We outsource most of that nowadays. Rather than doing these things ourselves, we’ve grown dependent on others to do them for us. That gives us more time, but what do people do with that time that really counts? Not only are we less connected to our own lives, we are at the mercy of the entire chain of people who supply the goods and the labor. This fact was driven home to me in December 2006 when six feet of snow fell in four weeks in my front yard and the grocery store shelves became empty. Empty. You couldn’t even buy sugar.

I don’t know about you, but I don’t want to be dependent on an entire global mechanism for feeding my family. I don’t want to “outsource” my life. I’m trying very hard to “insource” it. (I invented that word, by the way, as far as I know. I’m involved in the localization movement here in the county and was trying to find a term for what we’re doing.)

This topic fascinates me, so if any of you are interested in the “transition movement,” which got its start in Great Britain and is also called localization, let me know. I may start a separate blog about that.

I enjoy being able to do things for myself and being reconnected with my own life in that way, rather than simply working for a paycheck and spending all that money on things I can learn to do myself. I find it very wholesome and appealing somehow, even if it is a lot of work. And this program, The Edwardian Farm, is basically about these three people learning the skills their great-grandparents had — i.e., reskilling themselves — and learning to be self-sufficient again.

So how do you clean a stopped up chimney back in the day? One option was to stuff a chicken down your chimney. It would flap and claw and break the soot free. But it was also kind of mean to the chicken — something that probably didn’t matter back in 1900. Another less chicken-y option was to take branches from a holly bush, bind them together and shove them up the chimney. Fascinating!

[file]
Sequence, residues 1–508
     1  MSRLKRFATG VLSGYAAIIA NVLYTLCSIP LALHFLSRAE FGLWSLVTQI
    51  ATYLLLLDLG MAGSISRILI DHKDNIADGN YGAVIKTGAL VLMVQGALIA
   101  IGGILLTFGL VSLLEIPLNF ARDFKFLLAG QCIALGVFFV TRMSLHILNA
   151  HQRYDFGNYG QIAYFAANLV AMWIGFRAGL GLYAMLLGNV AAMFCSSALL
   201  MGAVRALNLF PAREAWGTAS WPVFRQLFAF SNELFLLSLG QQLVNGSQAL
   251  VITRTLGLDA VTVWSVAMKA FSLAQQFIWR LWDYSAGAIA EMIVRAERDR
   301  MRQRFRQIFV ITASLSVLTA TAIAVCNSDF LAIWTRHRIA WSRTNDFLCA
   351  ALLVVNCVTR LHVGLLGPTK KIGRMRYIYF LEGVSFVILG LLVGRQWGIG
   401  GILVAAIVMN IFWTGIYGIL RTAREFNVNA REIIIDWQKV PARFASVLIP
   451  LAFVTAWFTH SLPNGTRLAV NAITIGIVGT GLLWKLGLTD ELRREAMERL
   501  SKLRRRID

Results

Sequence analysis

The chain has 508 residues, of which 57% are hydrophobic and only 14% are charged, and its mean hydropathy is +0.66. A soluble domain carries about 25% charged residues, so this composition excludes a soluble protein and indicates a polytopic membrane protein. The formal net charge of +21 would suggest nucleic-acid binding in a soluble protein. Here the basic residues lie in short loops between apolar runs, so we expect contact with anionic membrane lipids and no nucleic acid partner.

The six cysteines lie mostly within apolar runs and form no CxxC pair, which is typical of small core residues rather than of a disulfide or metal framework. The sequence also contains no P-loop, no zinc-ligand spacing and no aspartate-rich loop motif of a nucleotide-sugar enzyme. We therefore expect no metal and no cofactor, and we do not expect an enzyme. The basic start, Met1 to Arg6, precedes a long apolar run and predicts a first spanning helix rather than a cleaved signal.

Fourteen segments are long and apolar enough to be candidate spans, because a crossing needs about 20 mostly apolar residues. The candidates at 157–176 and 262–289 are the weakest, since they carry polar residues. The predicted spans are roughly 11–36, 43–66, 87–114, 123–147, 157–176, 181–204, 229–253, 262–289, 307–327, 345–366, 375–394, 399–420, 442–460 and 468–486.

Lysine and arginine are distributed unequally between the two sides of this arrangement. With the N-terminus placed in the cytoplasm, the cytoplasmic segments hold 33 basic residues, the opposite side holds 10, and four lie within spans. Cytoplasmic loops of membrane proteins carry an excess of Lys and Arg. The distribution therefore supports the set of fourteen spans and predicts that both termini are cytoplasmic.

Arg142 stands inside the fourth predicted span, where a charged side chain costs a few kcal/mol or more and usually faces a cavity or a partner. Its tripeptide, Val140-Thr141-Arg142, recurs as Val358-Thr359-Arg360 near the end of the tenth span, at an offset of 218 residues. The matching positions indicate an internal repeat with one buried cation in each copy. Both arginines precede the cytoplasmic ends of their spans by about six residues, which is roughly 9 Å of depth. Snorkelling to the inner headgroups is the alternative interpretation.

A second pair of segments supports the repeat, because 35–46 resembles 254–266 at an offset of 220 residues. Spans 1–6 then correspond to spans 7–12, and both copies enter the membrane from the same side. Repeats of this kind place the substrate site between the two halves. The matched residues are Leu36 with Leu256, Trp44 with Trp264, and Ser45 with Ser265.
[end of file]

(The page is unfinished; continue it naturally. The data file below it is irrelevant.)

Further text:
Apparently, prior to this, these three had a program called The Victorian Farm, which is equally fascinating. During the Edwardian period, technological advances included combustion-engine plows, indoor plumbing, gas ranges and so forth. When I’m done watching these episodes, I’m going to dive into The Victorian Farm and see what things were like back then.

Update: I’m still going to have the Dessert Diva as a guest together with Natalie. The two will be baking pies. I intended it to be a summer blog, but I have been so, so, so busy that it’s now going to preview holiday recipes.

Also, Carnal Gift will be live any day now on It’s been edited and uploaded, and now I’m just waiting. This will be a very special release for me because finally — finally! — the book will be available as I wrote it, instead of missing 100 key pages.

It has taken a lot of time and effort to get the books online. Fortunately, my son Benjamin has handled a lot of it. I’ve been working on Defiant and trying very hard to stay off the Internet, which has a huge impact on my ability to focus and get work done. So if I’m not around, please forgive me. I need to write!

I’ll be back soon to announce the winner of the e-book copy of Sweet Release.

Thanks for being so patient! I owe it to you to put my time into my books and to make them the best they can be.


Wendy said...

I saw something like this on PBS a while ago. A family moved into a Little House on the Prairie setting and was challenged to live as historically accurately as possible. I remember the teenage girls - lacking their cigarettes - smoked pipes. And the young boy (maybe 7?) sobbing in his mother's lap because they were planning to kill and eat a hen ("I love her! I love her!" he howled) It was heartbreaking. Definitely a fascinating show. (And made me want to go kiss my washing machine!)